It is the story of a man in a bowler hat reading his newspaper on the London underground in late 1960. He reads a small item about two Portuguese students being sentenced to seven years' imprisonment for raising their glasses in a toast to freedom. He is outraged, decides to go to the Portuguese embassy in London to make a personal protest and then changes his mind. Instead he gets off at Trafalgar Square station and makes his way to the church of St Martin's-in-the-Fields. He goes in, sits down for three-quarters of an hour, and thinks.
In his words, "I went in to see what could really be done effectively, to mobilize world opinion. It was necessary to think of a larger group which would harness the enthusiasm of people all over the world who were anxious to see a wider respect for human rights."
That man was Peter Benenson, then a barrister in London. When he came outside into the square, he had his idea. Within months, he launched his Appeal for Amnesty with a front page article in The Observer newspaper.
Nothing quite like it had ever been attempted on such a scale before. The response was overwhelming, as if people worldwide were waiting for exactly such a signal. Newspapers in over a dozen countries picked up the appeal. Over a thousand letters poured in within the first six months. And the post-bags of the world's heads of state changed forever.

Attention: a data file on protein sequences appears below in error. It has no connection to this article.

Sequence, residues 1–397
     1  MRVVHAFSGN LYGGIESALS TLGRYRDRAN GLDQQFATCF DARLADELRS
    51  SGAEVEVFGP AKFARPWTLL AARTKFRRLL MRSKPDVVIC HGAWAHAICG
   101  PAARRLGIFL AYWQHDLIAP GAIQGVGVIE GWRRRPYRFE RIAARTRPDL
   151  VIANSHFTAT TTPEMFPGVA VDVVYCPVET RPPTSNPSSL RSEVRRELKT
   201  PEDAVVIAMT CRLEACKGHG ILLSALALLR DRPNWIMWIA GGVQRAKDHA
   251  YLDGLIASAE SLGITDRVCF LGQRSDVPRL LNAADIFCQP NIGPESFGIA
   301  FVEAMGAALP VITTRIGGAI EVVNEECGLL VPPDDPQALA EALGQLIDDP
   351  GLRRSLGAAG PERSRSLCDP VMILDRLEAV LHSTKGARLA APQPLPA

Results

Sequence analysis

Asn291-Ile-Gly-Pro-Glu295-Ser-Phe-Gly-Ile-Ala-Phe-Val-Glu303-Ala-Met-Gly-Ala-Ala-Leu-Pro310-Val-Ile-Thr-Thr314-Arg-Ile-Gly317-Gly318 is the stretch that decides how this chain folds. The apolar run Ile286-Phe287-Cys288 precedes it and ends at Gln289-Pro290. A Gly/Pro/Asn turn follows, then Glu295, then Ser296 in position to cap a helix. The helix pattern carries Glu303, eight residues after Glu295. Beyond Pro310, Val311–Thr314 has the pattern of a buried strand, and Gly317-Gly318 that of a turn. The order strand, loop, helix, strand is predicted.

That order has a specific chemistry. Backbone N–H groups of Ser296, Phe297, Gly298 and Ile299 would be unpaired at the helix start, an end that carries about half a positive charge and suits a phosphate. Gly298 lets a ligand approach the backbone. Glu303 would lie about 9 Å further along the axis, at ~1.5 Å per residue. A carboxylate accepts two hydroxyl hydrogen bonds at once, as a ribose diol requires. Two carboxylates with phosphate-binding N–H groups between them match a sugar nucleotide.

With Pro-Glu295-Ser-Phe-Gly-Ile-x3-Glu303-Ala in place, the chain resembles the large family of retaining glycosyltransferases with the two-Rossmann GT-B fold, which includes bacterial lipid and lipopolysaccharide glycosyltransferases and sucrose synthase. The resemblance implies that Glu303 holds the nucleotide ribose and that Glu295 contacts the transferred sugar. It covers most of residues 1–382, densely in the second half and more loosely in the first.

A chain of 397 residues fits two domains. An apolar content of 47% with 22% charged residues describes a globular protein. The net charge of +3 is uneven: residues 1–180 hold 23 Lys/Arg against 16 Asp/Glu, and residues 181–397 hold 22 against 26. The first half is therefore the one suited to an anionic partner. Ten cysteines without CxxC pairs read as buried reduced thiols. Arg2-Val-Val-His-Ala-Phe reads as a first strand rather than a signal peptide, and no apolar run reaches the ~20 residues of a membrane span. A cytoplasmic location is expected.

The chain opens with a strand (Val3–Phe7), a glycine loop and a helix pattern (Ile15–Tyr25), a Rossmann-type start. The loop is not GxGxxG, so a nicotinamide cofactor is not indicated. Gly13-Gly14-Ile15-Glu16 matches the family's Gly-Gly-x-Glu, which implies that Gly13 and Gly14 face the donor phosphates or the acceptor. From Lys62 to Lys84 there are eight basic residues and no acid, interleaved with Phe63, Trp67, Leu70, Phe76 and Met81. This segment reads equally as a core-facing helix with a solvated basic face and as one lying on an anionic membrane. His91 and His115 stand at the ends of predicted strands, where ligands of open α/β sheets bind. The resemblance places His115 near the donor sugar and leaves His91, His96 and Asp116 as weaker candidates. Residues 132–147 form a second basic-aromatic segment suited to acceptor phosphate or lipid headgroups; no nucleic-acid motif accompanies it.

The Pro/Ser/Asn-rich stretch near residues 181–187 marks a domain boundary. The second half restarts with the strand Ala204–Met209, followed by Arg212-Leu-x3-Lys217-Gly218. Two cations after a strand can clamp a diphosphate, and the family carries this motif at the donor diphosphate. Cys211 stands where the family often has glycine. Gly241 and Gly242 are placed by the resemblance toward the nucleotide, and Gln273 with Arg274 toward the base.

Benenson's idea was so simple, perhaps that's why he remained so shy of personal publicity throughout his life. Termed "one of the larger lunacies of our time" by one of its critics, a network of letter writers was set up to bombard governments with individual appeals on behalf of prisoners jailed and ill-treated in violation of the Universal Declaration of Human Rights.
In an age of self-aggrandisement, his modesty was almost hard to fathom. He never went forward to receive the numerous accolades showered upon Amnesty, known universally by its candle in barbed wire. His mind was always fixed on what had not been accomplished and the countless victims still to be rescued.
"The candle burns not for us," he declared, "but for all those whom we failed to rescue from prison, who were shot on the way to prison, who were tortured, who were kidnapped, who ‘disappeared'. That is what the candle is for."
In later years, as Amnesty's impact grew exponentially and went on to harness the power of the international news media, other groups began to adopt and adapt its methods in support of their causes. The extraordinary impact of the environmental movement twenty years later, the women's rights movement and a host of other single-issue and coalition groups, working in their own countries or across national boundaries, can often be traced to the early examination they made of the methods Benenson's organization was using.
Today we take the power of charities, voluntary groups and people's campaigns for granted. But before that day in Trafalgar Square - the day on which a single newspaper reader decided it was time for a change - that power had yet to shake the world.
Nothing has ever been quite the same since. As he said in 1961, lighting the first Amnesty candle, "I'm reminded of the words of a 16th century man sentenced to death by burning: We have today lit such a candle as shall never be put out."